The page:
It’s finally arrived. Caucus night.
Presidential aspirants have been poking around Iowa for the better part of two years now. We bumped into them at our county fairs, coffee shops and even in the supermarket produce aisle. We’ve studied them, squeezed them and scanned them for blemishes like so many ripe tomatoes.
Some will leave our state intact. Some will become marinara.
Either way, they’ll be long gone by Friday.
Before it’s over, some thanks are in order.
First, Democrats ought to thank former Iowa Gov. Tom Vilsack for abandoning his long-shot presidential bid in February. The caucus race might have been much less interesting had Vilsack lingered on until his home state caucuses.
Although he was no shoo-in to win on caucus night, Vilsack’s presence might have prompted some candidates, Hillary Clinton in particular, to skip Iowa’s caucuses and devalue their outcome. It’s no secret some of Clinton’s advisors wanted her to skip Iowa even after Vilsack got out. She may regret not taking that advice.
And Vilsack might not feel much gratitude tonight. A Clinton loss would be another political blow to Vilsack, her top Iowa backer. He was supposed to help deliver Iowa with hopes of landing a prominent spot in a future Clinton administration. Instead, he may see his dreams dashed twice in the same election cycle.
Next, we should thank our guests in the media. Yes, I’m serious.
Although it’s easy to fixate on members of the national press who get us all wrong, we should thank hard-working reporters who put in the effort to get Iowa right. For every coastal hack who took pot shots at us from 1,200 miles away, there were many journalists who spent enough days and weeks with Iowans to understand how seriously we take our presidential responsibility.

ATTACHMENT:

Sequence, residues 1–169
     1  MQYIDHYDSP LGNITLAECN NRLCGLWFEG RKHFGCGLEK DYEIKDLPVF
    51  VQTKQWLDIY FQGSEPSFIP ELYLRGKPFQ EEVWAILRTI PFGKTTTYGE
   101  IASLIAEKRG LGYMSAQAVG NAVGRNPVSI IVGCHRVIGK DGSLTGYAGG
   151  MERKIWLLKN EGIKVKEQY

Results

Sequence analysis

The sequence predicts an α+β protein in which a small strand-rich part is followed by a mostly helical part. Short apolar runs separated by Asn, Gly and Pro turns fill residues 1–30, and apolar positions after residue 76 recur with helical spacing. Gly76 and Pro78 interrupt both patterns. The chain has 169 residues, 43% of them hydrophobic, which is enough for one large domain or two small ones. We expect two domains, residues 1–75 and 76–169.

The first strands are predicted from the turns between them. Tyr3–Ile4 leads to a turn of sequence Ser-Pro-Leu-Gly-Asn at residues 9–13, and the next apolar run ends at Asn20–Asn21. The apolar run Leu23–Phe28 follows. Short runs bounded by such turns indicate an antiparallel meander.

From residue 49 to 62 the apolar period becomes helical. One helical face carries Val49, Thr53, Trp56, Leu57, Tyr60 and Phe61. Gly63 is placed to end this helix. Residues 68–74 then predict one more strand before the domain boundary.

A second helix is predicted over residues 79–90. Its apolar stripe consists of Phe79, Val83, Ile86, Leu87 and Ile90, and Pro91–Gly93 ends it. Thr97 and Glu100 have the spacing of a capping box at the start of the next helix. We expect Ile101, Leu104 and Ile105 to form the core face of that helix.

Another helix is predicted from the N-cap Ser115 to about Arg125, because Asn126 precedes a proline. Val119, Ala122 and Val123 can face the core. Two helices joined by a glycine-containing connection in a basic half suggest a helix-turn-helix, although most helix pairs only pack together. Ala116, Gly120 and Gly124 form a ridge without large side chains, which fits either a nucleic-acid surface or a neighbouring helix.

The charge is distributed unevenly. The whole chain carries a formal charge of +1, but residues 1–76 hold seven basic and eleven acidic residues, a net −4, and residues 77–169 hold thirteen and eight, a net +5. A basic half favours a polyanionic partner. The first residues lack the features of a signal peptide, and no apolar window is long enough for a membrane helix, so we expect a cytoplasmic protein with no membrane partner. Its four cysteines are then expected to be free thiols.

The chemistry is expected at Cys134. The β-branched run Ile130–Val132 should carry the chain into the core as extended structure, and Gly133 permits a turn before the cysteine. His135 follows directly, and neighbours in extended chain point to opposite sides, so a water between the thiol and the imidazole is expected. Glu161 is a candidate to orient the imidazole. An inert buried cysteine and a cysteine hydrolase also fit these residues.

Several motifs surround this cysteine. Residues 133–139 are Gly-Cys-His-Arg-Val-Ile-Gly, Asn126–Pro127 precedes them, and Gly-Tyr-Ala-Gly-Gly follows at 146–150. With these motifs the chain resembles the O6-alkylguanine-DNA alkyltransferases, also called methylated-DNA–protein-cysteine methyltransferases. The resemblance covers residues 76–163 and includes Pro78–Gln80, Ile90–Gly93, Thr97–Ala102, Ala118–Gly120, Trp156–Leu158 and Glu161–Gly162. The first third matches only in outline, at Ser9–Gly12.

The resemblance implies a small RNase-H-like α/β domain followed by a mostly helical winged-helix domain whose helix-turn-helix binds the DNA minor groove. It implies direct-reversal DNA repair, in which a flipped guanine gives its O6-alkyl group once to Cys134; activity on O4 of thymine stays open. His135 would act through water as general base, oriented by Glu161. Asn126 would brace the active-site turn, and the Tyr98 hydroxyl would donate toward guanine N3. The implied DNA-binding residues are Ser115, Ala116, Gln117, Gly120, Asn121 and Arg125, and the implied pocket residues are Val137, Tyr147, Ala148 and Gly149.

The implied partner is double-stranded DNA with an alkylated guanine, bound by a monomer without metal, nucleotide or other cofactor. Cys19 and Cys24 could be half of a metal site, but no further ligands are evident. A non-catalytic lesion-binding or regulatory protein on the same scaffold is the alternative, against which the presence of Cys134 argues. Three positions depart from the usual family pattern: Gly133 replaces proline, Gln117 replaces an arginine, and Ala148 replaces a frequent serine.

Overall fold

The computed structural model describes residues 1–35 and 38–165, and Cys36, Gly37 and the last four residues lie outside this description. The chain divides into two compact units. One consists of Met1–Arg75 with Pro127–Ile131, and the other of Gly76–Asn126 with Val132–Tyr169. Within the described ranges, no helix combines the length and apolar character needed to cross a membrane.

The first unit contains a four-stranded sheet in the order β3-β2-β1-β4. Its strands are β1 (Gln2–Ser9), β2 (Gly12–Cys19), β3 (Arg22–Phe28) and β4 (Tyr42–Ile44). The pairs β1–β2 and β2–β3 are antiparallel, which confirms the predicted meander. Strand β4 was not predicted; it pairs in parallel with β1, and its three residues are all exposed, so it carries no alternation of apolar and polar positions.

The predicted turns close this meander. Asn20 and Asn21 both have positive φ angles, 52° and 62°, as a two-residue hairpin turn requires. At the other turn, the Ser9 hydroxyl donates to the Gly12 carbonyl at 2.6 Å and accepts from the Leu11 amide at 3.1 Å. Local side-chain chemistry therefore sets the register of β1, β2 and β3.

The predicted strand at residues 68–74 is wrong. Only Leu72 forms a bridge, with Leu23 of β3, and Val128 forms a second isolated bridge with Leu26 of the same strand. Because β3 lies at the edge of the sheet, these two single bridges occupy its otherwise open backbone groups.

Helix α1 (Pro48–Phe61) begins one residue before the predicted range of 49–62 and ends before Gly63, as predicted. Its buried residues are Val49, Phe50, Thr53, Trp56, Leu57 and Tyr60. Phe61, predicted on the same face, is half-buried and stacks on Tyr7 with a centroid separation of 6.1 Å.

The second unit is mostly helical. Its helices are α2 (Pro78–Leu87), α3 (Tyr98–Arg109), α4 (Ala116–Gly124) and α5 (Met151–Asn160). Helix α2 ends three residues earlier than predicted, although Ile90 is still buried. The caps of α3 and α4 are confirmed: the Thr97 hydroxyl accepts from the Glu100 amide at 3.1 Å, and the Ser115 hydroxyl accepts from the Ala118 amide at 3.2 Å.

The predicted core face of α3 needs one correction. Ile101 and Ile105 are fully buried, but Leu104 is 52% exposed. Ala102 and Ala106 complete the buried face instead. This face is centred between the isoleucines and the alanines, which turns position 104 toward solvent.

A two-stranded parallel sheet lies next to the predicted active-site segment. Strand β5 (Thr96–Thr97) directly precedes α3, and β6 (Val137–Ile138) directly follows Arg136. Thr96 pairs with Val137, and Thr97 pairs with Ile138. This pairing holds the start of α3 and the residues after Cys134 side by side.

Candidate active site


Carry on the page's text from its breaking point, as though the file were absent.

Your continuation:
The Iowa they portrayed to the rest of the world was not full of cornfed yokels who care only about ethanol tax breaks. Their stories were full of diligent, fair-minded people awed by the gravity of their decision but not by the celebrity status of the candidates.
They also fairly pointed out the caucuses’ legitimate flaws — in particular that most Iowans don’t participate and that many Iowans who want to caucus can’t because they’re at work, stationed overseas or otherwise unable to attend. Sometimes we deserve flak.
This was also the first caucus covered extensively by Iowa bloggers, and I think they deserve thanks for adding a new, unvarnished dimension to caucus coverage. Sure, they’re often biased and sometimes crass, but they closely shadowed the candidates, churned out interesting takes on the campaign and sometimes out-hustled the mainstream media.
Finally, let’s thank the candidates.
Thanks to John Edwards for getting a $400 haircut, to Hillary Clinton for unknowingly singing the national anthem into an open mike and to Mitt Romney for flipping a State Fair pork chop to the ground, and then for putting it back on the grill, and to Fred Thompson for showing up on the Grand Concourse in Gucci shoes.
Thank God politicians aren’t perfect. It would be pretty boring if they were.